Daily Management Review

IEA lowers forecast for oil demand growth for 2019


The International Energy Agency (IEA) lowered its estimate for oil demand growth in 2018 and 2019.

This year, the world will need very little additional oil from OPEC, as growth in US production will offset reduced supplies from Iran and Venezuela, the agency said.

Estimated growth in oil demand in 2018 was reduced by 70 thousand barrels per day to 1.2 million bpd.

The forecast of oil demand growth for the current year has been reduced by 90 thousand bpd to 1.3 million bpd. The global demand for oil, according to IEA estimates, will average 100.4 million bpd in 2019.

"The changes reflect lower-than-expected data for 2018 in large consuming countries, such as Egypt, India, Indonesia and Nigeria," the IEA said in a statement.

Data for this year showed that demand in Brazil, China and Japan turned out to be lower than agency estimates. Due to unexpectedly weak demand, oil reserves in I quarter increased by 700 thousand bpd.

The increase in supply from oil producers outside OPEC, especially the United States, in the second quarter will ensure sufficient supply in the world market.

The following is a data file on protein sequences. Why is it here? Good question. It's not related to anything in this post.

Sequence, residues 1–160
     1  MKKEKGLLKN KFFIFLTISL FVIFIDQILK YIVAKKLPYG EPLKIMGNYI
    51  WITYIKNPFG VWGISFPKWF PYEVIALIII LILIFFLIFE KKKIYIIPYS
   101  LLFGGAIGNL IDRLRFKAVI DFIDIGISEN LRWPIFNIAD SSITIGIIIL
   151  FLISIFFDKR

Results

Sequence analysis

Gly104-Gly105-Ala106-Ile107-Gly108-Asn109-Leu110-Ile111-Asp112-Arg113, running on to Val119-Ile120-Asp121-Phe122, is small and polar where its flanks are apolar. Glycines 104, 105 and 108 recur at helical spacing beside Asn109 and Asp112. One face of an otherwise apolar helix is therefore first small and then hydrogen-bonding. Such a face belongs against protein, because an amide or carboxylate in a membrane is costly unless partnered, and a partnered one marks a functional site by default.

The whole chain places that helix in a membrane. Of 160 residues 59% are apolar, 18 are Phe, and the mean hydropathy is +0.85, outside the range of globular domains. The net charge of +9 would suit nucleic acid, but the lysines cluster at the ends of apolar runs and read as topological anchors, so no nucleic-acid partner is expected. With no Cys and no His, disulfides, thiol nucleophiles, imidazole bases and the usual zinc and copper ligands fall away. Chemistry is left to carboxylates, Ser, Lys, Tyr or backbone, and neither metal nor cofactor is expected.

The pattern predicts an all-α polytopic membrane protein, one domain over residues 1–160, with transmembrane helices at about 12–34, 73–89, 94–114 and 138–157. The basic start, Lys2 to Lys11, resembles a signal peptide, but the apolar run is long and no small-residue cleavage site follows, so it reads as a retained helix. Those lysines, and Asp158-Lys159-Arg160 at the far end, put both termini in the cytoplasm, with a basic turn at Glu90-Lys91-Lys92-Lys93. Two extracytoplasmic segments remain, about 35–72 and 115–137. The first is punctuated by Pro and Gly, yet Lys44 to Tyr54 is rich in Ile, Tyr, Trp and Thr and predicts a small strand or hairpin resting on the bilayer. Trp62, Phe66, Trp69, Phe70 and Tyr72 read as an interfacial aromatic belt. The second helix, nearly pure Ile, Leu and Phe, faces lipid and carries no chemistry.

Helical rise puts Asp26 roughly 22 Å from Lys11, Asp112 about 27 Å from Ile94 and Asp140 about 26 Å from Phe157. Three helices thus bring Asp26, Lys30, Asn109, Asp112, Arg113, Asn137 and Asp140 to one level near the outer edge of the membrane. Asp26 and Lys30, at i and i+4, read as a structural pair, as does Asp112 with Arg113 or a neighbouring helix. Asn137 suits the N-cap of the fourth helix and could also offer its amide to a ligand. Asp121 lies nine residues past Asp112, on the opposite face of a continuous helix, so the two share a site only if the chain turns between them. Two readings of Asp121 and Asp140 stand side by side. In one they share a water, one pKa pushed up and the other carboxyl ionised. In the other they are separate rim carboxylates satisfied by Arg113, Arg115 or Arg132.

Oil and condensate production in the United States this year is expected to grow by 1.7 million bpd.

Worldwide deliveries of oil in April fell by 300,000 bpd, helped by falling supplies from Canada, Kazakhstan, Azerbaijan and Iran.

OPEC oil production rose by 60 thousand bpd to 30.21 million bpd against the background of increased production in Libya, Nigeria and Iraq, the IEA reported.

In April, OPEC countries produced about 440 thousand bpd less oil than agreed in the OPEC + transaction. Oil production in Saudi Arabia was 500 thousand bpd below the agreed level.

The agency expects that the demand for OPEC oil will be 30.9 million bpd in the second quarter and will drop to 30.2 million bpd in the second half of the year.

Oil production in Iran has already fallen to its lowest level since September 2013 - 2.6 million bpd. This month, production in the country could fall to a minimum since the 1980s due to US sanctions, the IEA warned.

source: reuters.com